Four London researchers are leading the charge in the battle against age related illnesses, joining over 300 researchers and scientists as part of the Canadian Consortium on Neurodegeneration in Aging, or the (CCNA).
The CCNA is a collaborative research effort focused on tackling the challenge of neurodegenerative illnesses like dementia and Parkinson’s disease. The effort is supported by 13 groups of public and private sectors, as-well as $31.5-million over a five year period from the Government of Canada.
The goal of the CCNA initiative is to gain insight into the causes, pathology, identification, treatment, and prevention of age related neurodegenerative diseases.
“Some of the preventions may in fact be associated with lifestyle changes, changes in diet, changes in exercise, changes in social interaction and general activities. We are also interested in learning more about improving the quality of life for individuals who develop these diseases and also what can be done to help the caregivers and families,” said Jane Rylett, Professor at the Schulich School of Medicine and Scientist at the Robart Institute.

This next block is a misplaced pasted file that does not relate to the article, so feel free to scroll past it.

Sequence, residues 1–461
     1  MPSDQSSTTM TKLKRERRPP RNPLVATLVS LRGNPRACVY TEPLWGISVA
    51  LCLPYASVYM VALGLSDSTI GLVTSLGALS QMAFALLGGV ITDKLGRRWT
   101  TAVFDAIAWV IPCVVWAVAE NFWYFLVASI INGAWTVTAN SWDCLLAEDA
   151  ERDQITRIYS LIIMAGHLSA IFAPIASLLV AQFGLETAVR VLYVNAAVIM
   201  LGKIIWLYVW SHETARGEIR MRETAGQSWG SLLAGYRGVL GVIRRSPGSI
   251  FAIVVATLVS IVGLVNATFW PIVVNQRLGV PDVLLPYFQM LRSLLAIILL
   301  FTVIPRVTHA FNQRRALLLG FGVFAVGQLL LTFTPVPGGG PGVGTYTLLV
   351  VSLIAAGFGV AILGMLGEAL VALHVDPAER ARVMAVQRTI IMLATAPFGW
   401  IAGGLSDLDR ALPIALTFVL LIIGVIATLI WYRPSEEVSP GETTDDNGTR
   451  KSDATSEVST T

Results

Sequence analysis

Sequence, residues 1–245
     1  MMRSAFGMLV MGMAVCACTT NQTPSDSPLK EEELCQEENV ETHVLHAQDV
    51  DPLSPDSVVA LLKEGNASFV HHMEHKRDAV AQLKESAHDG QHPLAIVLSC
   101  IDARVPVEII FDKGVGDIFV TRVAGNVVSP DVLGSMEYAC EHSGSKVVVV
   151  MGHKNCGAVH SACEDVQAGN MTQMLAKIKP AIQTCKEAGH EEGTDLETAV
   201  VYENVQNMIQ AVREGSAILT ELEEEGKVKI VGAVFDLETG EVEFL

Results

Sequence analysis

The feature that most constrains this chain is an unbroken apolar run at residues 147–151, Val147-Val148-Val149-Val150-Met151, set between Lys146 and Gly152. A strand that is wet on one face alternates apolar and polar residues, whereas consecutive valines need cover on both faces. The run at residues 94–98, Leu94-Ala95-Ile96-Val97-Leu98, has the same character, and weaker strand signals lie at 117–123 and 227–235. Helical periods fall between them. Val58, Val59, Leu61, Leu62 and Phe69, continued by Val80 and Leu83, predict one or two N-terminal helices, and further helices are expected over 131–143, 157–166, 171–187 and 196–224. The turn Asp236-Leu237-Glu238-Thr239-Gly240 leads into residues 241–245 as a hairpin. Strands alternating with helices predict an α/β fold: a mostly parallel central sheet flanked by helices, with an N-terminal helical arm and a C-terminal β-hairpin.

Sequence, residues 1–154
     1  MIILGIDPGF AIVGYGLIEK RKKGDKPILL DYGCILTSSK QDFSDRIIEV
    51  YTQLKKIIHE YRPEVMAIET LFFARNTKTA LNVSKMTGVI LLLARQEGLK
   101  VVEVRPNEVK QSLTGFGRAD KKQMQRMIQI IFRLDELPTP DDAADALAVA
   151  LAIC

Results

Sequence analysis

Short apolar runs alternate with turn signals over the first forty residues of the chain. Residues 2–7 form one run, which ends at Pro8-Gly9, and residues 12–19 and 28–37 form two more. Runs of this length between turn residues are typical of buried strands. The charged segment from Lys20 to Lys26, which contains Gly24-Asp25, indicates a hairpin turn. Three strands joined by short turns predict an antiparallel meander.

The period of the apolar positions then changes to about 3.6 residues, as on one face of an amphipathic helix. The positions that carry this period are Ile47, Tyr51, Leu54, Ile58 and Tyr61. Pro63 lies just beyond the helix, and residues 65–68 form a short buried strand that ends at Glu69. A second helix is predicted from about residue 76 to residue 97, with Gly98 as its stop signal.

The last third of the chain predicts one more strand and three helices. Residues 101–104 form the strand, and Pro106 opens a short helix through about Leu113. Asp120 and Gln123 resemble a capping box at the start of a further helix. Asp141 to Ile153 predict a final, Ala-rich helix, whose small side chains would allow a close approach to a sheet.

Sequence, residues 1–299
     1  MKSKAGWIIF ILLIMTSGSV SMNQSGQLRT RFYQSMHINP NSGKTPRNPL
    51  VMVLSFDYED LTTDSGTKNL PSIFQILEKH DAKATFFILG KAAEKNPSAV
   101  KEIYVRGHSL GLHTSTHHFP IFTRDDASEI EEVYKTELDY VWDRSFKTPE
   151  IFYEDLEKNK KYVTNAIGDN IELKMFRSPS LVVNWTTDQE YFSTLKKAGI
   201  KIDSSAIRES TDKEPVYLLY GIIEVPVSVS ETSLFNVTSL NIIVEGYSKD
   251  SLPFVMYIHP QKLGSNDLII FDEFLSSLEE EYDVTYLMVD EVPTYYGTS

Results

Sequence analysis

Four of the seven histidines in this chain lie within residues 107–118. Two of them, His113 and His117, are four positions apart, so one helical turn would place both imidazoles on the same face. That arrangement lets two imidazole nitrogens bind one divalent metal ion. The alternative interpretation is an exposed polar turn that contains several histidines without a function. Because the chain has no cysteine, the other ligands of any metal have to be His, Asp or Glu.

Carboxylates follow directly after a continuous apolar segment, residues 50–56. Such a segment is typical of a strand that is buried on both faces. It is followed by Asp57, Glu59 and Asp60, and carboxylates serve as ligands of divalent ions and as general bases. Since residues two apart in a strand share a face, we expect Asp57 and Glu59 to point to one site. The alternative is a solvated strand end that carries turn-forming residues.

As the elderly population grows, so do the strains on our healthcare system from individuals who develop neurodegenerative diseases.
“If you look at the Canadian population demographic, the population over the age of 65 -in particular over the age of 80- is growing rapidly. These individuals are at risk of developing neurological and neurodegenerative diseases. As we go forward in the next few years the number of individuals who have these types of diseases are expected to double every 20 years,” Rylett said.
This alarming number of increased illnesses wont only cost our healthcare, it would also put strains on human costs for individuals who become ill, their caretakers, and their families.
Few neurodegenerative diseases have treatments. Alzheimer’s disease and Parkinson’s disease have a small handful of treatment options while other disorders like ALS have no treatments.
“These are very difficult disorders and diseases to be able to develop therapies for because usually theirs not a single treatment for any of these diseases. They really require a much more broad approach. There may never be a single treatment for these diseases,” Rylett said.
The consortium’s plan is to focus on looking for early diagnostic aspects of the diseases. This will allow them to diagnose the illnesses earlier, ultimately leading to early treatment and intervention which will be very important in delaying the onset and course of the diseases.